PPBS ignored the political realities of the budgetary process. A budget represents a compromise among competing interests and objectives both inside and outside government. Whether more money is spent on national defence or on social programs is fundamentally a question of social values and requires a political decision. Once these decisions are made, it is extremely costly and disruptive to fight all the bureaucratic and political battles anew each year. That is why, traditionally, budgetary processes have concentrated attention on the margins; except in exceptional circumstances, the bulk of government spending has remained basically undisturbed. Discussion centres on the allocation of new or incremental spending.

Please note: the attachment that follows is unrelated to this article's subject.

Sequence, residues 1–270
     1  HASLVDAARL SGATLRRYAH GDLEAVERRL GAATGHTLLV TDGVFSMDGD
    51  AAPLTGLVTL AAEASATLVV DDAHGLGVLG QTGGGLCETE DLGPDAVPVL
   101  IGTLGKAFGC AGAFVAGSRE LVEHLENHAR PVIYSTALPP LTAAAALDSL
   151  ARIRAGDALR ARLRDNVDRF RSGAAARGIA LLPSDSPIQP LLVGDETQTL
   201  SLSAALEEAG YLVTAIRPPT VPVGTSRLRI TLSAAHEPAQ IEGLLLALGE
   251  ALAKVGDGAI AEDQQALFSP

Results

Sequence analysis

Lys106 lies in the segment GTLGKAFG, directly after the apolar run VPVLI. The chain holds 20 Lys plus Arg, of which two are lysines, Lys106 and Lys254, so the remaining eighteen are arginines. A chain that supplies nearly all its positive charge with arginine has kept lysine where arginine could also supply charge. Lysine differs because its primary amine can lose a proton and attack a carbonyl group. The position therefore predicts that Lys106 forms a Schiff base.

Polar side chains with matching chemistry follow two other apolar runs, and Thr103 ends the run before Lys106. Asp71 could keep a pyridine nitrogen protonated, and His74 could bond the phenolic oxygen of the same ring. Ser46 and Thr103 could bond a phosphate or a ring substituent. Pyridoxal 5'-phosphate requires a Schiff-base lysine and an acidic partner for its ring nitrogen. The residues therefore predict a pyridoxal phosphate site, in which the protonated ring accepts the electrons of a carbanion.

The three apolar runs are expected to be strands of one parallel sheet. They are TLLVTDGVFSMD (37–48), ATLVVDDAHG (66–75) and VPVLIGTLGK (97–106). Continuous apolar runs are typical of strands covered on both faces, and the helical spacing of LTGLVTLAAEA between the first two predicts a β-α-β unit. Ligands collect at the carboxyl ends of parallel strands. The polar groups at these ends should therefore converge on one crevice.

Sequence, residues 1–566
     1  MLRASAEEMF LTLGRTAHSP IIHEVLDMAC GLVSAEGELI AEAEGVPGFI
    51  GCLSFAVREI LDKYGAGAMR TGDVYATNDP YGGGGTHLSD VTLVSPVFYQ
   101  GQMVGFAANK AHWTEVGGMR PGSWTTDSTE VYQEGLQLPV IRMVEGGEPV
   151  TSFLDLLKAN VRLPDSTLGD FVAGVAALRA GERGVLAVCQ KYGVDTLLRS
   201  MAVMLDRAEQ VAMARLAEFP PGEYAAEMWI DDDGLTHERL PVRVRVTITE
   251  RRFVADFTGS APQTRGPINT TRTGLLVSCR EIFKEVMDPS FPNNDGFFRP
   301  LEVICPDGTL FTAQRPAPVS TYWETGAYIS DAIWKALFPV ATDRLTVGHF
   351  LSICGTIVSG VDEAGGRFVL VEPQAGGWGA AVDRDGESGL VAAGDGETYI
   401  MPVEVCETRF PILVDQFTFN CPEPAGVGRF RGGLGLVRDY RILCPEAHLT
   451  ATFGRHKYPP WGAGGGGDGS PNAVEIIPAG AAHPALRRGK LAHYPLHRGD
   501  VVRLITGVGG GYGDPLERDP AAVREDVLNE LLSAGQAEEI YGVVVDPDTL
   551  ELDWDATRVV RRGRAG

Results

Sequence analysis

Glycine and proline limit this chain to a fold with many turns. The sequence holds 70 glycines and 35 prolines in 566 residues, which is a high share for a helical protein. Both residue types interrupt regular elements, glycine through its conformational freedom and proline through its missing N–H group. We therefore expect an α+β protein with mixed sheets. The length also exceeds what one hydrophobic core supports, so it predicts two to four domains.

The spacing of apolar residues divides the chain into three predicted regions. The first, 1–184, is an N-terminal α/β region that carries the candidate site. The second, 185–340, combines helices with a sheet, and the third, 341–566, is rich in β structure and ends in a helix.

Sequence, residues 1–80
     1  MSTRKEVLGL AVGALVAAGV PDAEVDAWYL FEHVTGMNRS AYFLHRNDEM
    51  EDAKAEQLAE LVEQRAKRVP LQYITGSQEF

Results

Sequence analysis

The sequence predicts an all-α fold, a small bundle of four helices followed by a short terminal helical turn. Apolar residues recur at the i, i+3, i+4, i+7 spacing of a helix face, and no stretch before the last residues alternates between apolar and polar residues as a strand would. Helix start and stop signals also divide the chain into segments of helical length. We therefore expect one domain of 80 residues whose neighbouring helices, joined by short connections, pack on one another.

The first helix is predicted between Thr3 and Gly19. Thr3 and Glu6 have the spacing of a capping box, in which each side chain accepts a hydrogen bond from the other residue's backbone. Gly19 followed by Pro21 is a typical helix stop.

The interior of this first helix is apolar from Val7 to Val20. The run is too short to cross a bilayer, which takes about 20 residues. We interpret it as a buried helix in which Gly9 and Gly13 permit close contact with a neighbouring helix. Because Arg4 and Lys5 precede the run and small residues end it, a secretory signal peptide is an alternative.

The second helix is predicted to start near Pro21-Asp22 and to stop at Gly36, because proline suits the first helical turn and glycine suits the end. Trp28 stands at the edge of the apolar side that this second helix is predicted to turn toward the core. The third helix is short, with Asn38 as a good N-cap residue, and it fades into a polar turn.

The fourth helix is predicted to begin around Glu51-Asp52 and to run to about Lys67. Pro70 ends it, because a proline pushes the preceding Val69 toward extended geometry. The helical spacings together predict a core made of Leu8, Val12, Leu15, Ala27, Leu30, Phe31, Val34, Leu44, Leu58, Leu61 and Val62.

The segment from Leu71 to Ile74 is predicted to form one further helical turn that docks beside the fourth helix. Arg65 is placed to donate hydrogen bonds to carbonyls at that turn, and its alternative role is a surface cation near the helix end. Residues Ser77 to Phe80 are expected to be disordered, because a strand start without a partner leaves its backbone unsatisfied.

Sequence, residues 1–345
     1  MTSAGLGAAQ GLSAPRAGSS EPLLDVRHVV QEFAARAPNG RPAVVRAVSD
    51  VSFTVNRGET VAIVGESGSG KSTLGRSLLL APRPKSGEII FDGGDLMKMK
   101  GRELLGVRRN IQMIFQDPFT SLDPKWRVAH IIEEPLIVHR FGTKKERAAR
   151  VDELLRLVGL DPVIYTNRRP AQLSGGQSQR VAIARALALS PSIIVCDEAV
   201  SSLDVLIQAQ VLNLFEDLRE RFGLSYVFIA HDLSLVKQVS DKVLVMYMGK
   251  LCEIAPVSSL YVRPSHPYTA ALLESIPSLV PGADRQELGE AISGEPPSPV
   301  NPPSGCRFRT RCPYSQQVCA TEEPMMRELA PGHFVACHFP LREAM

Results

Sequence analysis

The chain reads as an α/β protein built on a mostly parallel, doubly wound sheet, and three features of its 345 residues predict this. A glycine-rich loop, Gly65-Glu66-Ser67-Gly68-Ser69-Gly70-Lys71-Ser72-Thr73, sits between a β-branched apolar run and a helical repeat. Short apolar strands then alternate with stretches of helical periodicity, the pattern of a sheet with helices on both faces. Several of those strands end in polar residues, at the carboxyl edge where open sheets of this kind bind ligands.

PPBS, if it had worked as planned, would have involved negotiating the entire budget every year. PPBS did, however, result in some modest improvements in the budgetary process. Analysis of the impacts of programs and activities is now commonplace. The format of the Blue Book presented to Parliament, while far from perfect, is more useful to MPs and fosters more informed debate.
In more recent decades there has been a series of reforms of the expenditure budget process aimed at integrating evaluation of programs, political priority setting and financing. From 1979 to 1989 a system known as PEMS (Policy and Expenditure Management System) was in place. Government programs were grouped into sectoral areas (eg, economic development, social policy) and each area was assigned an expenditure limit or envelope.